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Leaked Microsoft Memos Highlight Perceived Threat From Google

The Microsoft-Google rivalry certainly isn't news, but technology guru Ray Ozzie's comments were the most specific to date on the threat Microsoft sees in the search leader. Bill Gates also had much to say about competitive threats in another memo.

Gregg Keizer

November 9, 2005

4 Min Read

An email from Microsoft chairman Bill Gates and a related memo from Ray Ozzie, one of the software giant's three chief technology officers, have been leaked onto the Web. The documents are kicking off intense interest in the company's apparent internal discussions about missed opportunities in the wake of Google's success.

The Ozzie memo, and Gates's email, can be found on Dave Winer's blog.

"While we continue to make good progress on many fronts, a set of very strong and determined competitors is laser-focused on Internet services and service-enabled software," Ozzie wrote in the memo directed at Microsoft's executive staff. He then singled out several rivals, Google in particular.

"Google is obviously the most visible here, although given the hype level it is difficult to ascertain which of their myriad initiatives are simply adjuncts intended to drive scale for their advertising business, or which might ultimately grow to substantively challenge our offerings," he continued. "We knew search would be important, but through Google’s focus they’ve gained a tremendously strong position."

The Microsoft-Google rivalry certainly isn't news -- the recent Microsoft launch of its Windows Live and Office Live services were seen as direct response to Web-based, service-oriented vendors like Google -- but Ozzie's comments were the most specific to date on the threat Microsoft sees in the search leader.

Ozzie also acknowledged that Adobe leads in the electronic document format battle, a fact he bemoaned. "For all its tremendous innovation and its embracing of HTML and XML, [Microsoft] Office is not yet the source of key web data formats – surely not to the level of PDF."

There, too, Microsoft has recently taken steps to position itself in more direct competition. A month ago, Microsoft said that its next application suite, dubbed Office 12, will include a Save As feature to export documents in Adobe's PDF format.

"While we’ve led with great capabilities in Messenger & Communicator, it was Skype, not us, who made VoIP broadly popular and created a new category," Ozzie continued. "We have long understood the importance of mobile messaging scenarios and have made significant investment in device software, yet only now are we surpassing the Blackberry." Ozzie also named some of the usual suspects, citing Apple, for example, and its iPod and iTunes as a slick integration of hardware, software, and services.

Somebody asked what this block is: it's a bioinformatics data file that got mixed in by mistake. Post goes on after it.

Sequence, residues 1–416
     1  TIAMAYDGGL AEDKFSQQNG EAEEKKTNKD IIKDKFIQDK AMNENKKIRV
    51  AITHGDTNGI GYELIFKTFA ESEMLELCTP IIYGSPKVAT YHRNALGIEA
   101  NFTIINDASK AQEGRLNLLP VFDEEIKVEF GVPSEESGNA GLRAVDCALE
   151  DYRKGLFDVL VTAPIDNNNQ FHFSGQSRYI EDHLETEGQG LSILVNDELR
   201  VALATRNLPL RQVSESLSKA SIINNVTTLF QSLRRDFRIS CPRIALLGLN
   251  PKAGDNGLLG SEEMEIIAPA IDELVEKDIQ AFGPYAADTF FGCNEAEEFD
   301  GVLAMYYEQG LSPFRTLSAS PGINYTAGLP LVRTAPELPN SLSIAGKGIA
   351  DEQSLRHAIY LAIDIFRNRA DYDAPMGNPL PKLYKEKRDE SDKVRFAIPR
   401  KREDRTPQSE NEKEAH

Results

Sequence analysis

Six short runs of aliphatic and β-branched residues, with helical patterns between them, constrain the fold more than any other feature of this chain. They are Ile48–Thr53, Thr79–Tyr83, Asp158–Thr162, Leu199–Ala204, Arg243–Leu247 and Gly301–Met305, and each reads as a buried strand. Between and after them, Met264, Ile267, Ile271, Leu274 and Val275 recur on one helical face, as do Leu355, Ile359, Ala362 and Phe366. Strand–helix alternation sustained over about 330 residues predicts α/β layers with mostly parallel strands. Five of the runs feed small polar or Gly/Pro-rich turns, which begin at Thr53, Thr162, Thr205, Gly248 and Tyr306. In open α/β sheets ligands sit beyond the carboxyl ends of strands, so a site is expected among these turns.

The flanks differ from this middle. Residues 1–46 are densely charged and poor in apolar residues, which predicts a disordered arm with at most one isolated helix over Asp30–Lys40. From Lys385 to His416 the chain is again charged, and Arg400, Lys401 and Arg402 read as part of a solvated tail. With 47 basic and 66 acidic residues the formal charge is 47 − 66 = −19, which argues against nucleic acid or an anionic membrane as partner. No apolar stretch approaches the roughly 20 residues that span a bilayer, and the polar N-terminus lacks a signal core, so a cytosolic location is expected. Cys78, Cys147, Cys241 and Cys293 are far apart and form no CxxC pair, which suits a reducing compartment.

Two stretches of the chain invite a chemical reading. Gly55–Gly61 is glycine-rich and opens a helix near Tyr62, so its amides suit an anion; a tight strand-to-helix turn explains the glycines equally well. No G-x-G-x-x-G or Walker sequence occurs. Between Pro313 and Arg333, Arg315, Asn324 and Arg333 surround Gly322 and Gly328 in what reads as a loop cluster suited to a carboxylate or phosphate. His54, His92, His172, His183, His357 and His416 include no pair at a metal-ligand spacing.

But he also warned that Microsoft faces competition from startup efforts like GoToMyPC, and more importantly, from grassroots adoption of technology that essentially sidesteps the company's traditional methods of pushing products into the enterprise via software licensing.

"Products are now discovered through a combination of blogs, search keyword-based advertising, online product marketing and word-of-mouth," Ozzie wrote. "Even enterprise products now more often than not enter an organization through the Internet-based research and trial of a business unit that understands a product’s value."

"More than anything, this involves the leading-edge users, that body of technically adept and adventurous people who help spread technology by grabbing it off the Internet," said Rob Helm, an analyst with Directions on Microsoft. "But Microsoft doesn't have as big a share of that group as its size would indicate. Microsoft has to get into that group."

To reach those users, Ozzie said Microsoft will need to revamp its Web sites, rethink its products, and in some cases offer up software or services for frees.

"Products must now embrace a 'discover, learn, try, buy, recommend' cycle – sometimes with one of those phases being free, another ad-supported, and yet another being subscription-based," Ozzie wrote. "Products must be easily understood by the user upon trial, and useful out-of-the-box with little or no configuration or administrative intervention."

That's not as big a change as some might think, said Helm. "This is something that Microsoft has done before -- take the example of desktop search, which was once to be a part of Windows, but was broken out and made free -- but the company's decided it's time to ratchet it up.

"Ozzie is definitely headed in the right direction," Helm went on. "The question is, can he [and Bill Gates] make the company follow them? It's a different ball game than in 1994, when Gates put out his famous memo about the Internet. It's not just the difference in Microsoft's size today compared to '94, but it's the fact that the company's two biggest businesses, Windows and Office, are much more entrenched.

"There may be resistance to what they think they can do on the Internet without cannibalizing Office and Windows."

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